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Selling a family home under a will and stamp duty

Q&A: The wording of the will determines how much tax will have to be paid

Our Mother passed away and left the following passage in the will. “I direct that my house sold and that the proceeds of the sale be divided amongst my five children in the following shares”

Child A 6.5 per cent;

Child B 6.5 per cent;

Child C 6.5 per cent;

Child D 40.25 per cent;

Child E 40.25 per cent.

All the siblings, one of which is the executor, have agreed to the following. Child D to purchase their share of the family home at market value.

I am getting different views on the stamp duty that is due. Is it:

1. Stamp duty is liable on the full value of the home?;

2. Stamp duty is liable on the full value of the home, minus 40.25 per cent?

Mr I.C., email

Your mother was clearly a woman of great precision. And the wording of the will and the actions it requires will determine the stamp duty position. Depending on the value of the property, it might have been easier all round had she simply left it to Child D but we’re all wise after the event.

The issue of stamp duty on a property which is owned by more than one person is increasingly topical as many people bought property with friends or partners in the run-up to the Celtic Tiger (and again now) as it was the only way that they could afford to own a home.

In today’s market, where mortgage payments are considerably lower than market rents on the same property, it makes perfect sense to try to do so even if the banks are noticeably more cautious in assessing mortgage eligibility among multiple owners – especially when they are not a couple.

It is also relevant, clearly, where a person leaves the family home to more than one of their children. This is something that people should consider very carefully.

Family home

I understand that, for a lot of people, the family home is the main or sometimes only asset remaining for passing on through inheritance. With many people having access only to the State pension and people living longer than heretofore – and often requiring access to private sector care or rising medical bills – a person’s liquid assets, i.e. cash and savings, can often be required for living. And that should be the first priority for older people, not leaving an inheritance for already adult children.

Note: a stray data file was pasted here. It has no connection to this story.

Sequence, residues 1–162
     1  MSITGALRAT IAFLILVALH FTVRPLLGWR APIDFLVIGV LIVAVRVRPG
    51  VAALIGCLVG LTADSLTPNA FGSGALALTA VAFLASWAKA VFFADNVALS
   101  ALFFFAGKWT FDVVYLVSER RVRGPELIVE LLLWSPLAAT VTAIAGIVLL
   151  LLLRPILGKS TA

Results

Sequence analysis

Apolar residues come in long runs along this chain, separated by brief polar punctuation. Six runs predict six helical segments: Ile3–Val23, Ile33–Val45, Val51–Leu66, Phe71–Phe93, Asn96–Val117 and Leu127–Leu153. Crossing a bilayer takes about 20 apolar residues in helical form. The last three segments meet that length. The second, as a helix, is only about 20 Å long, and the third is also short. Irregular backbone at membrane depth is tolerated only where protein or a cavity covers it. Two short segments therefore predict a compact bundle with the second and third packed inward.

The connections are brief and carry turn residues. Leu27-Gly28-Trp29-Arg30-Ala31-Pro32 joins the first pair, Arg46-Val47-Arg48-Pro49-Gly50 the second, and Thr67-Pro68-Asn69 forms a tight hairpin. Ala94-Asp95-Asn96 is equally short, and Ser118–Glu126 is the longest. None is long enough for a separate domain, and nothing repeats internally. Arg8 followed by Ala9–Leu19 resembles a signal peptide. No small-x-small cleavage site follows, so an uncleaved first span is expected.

In such cases, almost always, it makes sense for one of the family to buy the others out.

But in circumstances where there are assets other than the family home, it can make more sense to allocate the home to one person and cater for the others through other available assets. I come across an awful lot of letters from readers where the leaving of a home to multiple children causes much discord, family rupture, misery and cost.

Will dictates sale

Fortunately, in your family, there is no dispute. And in any case, the terms of your mother’s will carefully ensure there cannot be. Clever woman. She has dictated that the house be sold, not that it be left to all of you. The allocation of shares she sets down in the will clearly relates to the sale proceeds of the property.

But that does, in my view, affect the position on stamp duty.

All five siblings are happy to agree to Child D acquiring their share in this home and, more importantly, Child D has either the assets or access to a mortgage that will allow them to do so.

If you had all inherited the property in the shares outlined and Child D then simply acquired the shares of each of the siblings, stamp duty would be payable by Child D on each of those purchases – cumulatively 59.75 per cent of the property.

However, the entire property is being sold and, in those circumstances, I cannot see how stamp duty is not payable by Child D on the full sale price of the property.

As it stands, Child D does not own the property – or 40.25 per cent of it. None of you own the property. It is part of your mother’s estate and does not become the property of Child D or anyone else unless and until they purchase it.

You entitled your query “stamp duty and inheritance”. Though this is an inheritance issue and property transferred under a will or intestacy does not attract stamp duty, this property is not transferring to any of you; it is being sold in accordance with the terms of the will.

It could be acquired by anyone and if it was, they would be liable to pay stamp duty on the purchase. The only difference in your case is that the family – with the agreement of the executor – is conducting a closed sale where the property is available only to Child D, not the open market. However, logically, the principle must be the same in terms of stamp duty liability.

One final thing to remember. You mention it yourself and that is market value. Revenue Commissioners will assess stamp duty on the full market value of the property. If they suspect that the property has been sold at a discount to accommodate family priorities in a closed sale, they are entitled to commission their own valuation and charge stamp duty at the value it determines.

To avoid any complications, I would suggest the executor secures a formal valuation for the family home from a professionally qualified valuer, just in case Revenue queries the sale ... and use this as the basis of the purchase by Child D.

Please send your queries to Dominic Coyle, Q&A, The Irish Times, 24-28 Tara Street, Dublin 2, or by email to This column is a reader service and is not intended to replace professional advice